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Natural convective heat transfer between two zones through an opening is studied experimentally. Experiments were carried out in a full scale calorimetric chamber (5.5m x 2.5m x 2.5m) inside which two zones are connected by an opening of height 2.05 m and varying width. Temperature differences were maintained by two active vertical walls located on either side of the doorway. Convective heat transfers were deduced from the energy balances and expressed interns of Nusselt, Grashof and Prandtl numbers, i.e.: $\frac{N u}{P r}=C G r^{M}$, where $\mathrm{C}=3 \mathrm{C}_{d}$. Experiments were performed at power injection levels from 95 W to 1250W for Grashof number in the range 8x10⁸≤ Gr ≤ 4x1010. Empirical correlation lows between Nusselt, Prandtl and Grashof were obtained for various temperature differences between the hot and cold zones. Also, other criteria relations were developed in terms of varying aspect ratio ADS. The results obtained show that the C and M parameters depend upon the way temperature differences are chosen for determining the Grashof number. These coefficients lay on average: 1.0 ≤ C≤ 1.9 corresponding to a discharge coefficient 0.35≤Cd≤ 0.63 and 0.390≤M≤0.422. When wall temperatures are considered M = 0.27.
Convective heat through an opening, Convection in partitioned enclosure, Calorimetric chamber.
Natural convection in enclosures caused by a difference in air density affects the general movements of air in a building and must be evaluated for accurate thermal zones heat and mass balance. For design purposes it is necessary to know the magnitude of the natural convection through a doorway as a function of the temperature difference between two zones. This subject has been studied extensively in the past few years experimentally as well as by numerical models. In both approaches simplifications were however assumed.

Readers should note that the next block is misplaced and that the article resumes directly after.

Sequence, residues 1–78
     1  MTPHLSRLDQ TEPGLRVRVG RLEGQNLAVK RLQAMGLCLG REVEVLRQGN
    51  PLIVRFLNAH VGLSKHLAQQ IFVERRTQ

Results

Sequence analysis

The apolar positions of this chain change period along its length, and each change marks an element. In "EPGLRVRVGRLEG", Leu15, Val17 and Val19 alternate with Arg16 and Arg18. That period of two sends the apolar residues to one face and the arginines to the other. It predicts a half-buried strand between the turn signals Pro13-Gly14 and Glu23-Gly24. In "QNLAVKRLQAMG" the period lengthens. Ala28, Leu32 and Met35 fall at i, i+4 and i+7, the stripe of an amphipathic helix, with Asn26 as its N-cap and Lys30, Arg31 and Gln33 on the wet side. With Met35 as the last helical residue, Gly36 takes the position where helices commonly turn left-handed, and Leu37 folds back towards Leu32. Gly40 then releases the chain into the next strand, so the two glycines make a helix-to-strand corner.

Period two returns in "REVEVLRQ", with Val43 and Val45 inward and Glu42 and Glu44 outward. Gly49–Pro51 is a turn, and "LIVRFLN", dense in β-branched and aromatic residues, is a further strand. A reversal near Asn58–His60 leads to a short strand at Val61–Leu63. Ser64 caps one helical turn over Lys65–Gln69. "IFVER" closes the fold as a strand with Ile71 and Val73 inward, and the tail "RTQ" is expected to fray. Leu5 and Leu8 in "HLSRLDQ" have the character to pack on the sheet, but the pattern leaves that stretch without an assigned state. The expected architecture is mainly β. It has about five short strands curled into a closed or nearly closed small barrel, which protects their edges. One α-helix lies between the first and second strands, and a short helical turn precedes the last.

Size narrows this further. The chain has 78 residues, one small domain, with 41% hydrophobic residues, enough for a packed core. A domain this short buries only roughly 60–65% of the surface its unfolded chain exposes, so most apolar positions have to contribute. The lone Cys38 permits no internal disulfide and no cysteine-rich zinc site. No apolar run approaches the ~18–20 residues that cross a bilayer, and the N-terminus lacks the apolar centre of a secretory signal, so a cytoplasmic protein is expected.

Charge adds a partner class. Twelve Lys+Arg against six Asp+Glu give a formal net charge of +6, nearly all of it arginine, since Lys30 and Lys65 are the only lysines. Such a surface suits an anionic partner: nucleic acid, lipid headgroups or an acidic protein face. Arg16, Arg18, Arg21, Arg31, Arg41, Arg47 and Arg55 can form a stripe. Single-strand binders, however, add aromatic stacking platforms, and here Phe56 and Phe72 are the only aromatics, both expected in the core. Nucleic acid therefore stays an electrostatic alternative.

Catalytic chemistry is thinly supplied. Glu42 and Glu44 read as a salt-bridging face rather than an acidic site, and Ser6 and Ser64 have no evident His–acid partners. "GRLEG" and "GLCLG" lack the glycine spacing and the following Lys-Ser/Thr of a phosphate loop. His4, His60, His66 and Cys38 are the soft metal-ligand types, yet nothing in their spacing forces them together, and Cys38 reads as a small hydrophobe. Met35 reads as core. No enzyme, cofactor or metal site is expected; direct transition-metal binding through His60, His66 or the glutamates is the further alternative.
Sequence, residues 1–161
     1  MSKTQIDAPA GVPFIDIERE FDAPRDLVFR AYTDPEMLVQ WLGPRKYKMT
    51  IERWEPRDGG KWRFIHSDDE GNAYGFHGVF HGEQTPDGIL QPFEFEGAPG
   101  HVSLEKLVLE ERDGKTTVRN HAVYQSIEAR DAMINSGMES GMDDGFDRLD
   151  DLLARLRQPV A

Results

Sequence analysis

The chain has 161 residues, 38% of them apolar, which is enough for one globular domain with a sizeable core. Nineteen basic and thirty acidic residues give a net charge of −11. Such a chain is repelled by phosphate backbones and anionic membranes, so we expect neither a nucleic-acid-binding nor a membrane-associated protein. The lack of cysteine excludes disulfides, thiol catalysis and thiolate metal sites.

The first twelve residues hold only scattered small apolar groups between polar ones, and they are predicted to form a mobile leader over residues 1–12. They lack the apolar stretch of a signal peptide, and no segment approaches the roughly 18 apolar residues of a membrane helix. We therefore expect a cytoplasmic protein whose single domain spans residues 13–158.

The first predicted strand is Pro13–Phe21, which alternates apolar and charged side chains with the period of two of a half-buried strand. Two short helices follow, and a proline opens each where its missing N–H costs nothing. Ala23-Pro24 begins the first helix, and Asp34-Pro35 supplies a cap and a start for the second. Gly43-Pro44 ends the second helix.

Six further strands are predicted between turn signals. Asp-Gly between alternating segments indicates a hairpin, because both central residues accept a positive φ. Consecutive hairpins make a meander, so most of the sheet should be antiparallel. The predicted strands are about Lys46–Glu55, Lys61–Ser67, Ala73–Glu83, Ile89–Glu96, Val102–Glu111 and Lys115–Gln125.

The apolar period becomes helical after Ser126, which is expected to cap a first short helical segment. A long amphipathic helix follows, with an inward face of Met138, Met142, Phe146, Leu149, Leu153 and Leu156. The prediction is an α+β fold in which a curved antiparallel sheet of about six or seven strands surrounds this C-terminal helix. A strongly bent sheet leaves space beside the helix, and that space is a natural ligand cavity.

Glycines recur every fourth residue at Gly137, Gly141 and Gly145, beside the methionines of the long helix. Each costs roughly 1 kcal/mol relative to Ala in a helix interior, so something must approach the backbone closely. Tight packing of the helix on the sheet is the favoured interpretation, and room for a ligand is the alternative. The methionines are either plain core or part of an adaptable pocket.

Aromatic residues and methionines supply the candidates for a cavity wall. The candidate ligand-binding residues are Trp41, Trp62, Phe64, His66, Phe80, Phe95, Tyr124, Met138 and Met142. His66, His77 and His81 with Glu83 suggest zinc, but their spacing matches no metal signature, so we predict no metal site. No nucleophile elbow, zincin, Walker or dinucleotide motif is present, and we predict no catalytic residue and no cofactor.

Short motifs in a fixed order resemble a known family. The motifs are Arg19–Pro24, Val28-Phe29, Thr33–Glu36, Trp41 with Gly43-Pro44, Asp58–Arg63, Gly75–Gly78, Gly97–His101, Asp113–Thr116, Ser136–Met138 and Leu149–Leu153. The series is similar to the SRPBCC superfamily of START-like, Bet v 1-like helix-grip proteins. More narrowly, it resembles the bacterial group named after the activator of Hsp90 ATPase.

Usually, the process is described in terms of the Nusselt Grashof and Prandtl numbers, in relation:
$\frac{N u}{P r}=C G r^{0.5}$
Where the exponent 0.5 derives from theoretical development based on a simplified flow model through the opening (laminar, one dimensional flow of ideal fluid). Experimental studies had been carried out usually in a room, with a partition where two walls were the active, isothermal, hot and cold surfaces and the others (passive) were assumed, to be adiabatic. Brown and Solvason [1], in experiments with a vertical partition, obtained C coefficients between 0.2 and 0.33 for ideal laminar flow. Baraka’s review [2] reported that the C coefficient is a function of the magnitude of the temperature difference. He indicated that the most accurate
correlation was the mean temperature of the air flowing out of the warm room and that flowing into the warm room measured on a grid at the opening. Eckert and Carlson [3] defined a criterial relation using the hot and cold wall temperature difference to define the Grashof number. In this case, the exponent equals 0.24. A few investigations are carried out based on similitude model experiments [4], [5], [2]. In those cases, the flow conditions in the scale models and real world may not be equivalent even for similar Grashof numbers. This is especially true if other fluids than air were used, without full hydrodynamic similarity. Numerical models were also based on many simplifications. Zimmerman and Acharya [6] assume perfectly conducting active walls; the flow is laminar and two dimensional; heat transfer by radiation is not included. Newell and Schmidt [7] carried out numerical simulations on an enclosure with isothermal active walls, assuming the laminar flow of ideal fluid. The effect of radiation is here again neglected. Ansari [8] investigated numerically natural convection in a rectangular enclosure where flow is induced due to the constant partial heating at lower half of the left vertical wall and partial cooling at upper half of the right vertical wall, the rest walls being adiabatic. The simulation shows that increasing Rayleigh number Ra implies the enhancement of the thermal buoyancy force, which in turn increases the thermal convection in the cavity it is also found that the heat transfer rate attains its maximum value at aspect ratio A=1.0.